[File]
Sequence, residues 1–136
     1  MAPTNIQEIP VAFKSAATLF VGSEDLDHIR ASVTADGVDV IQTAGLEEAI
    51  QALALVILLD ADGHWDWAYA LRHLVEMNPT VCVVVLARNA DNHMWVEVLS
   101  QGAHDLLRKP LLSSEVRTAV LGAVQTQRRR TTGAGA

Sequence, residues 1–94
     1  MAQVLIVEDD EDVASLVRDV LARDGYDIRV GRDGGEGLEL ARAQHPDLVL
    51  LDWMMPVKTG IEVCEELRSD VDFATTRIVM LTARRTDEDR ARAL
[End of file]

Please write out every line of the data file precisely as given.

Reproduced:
Sequence, residues 1–136
     1  MAPTNIQEIP VAFKSAATLF VGSEDLDHIR ASVTADGVDV IQTAGLEEAI
    51  QALALVILLD ADGHWDWAYA LRHLVEMNPT VCVVVLARNA DNHMWVEVLS
   101  QGAHDLLRKP LLSSEVRTAV LGAVQTQRRR TTGAGA

Sequence, residues 1–94
     1  MAQVLIVEDD EDVASLVRDV LARDGYDIRV GRDGGEGLEL ARAQHPDLVL
    51  LDWMMPVKTG IEVCEELRSD VDFATTRIVM LTARRTDEDR ARAL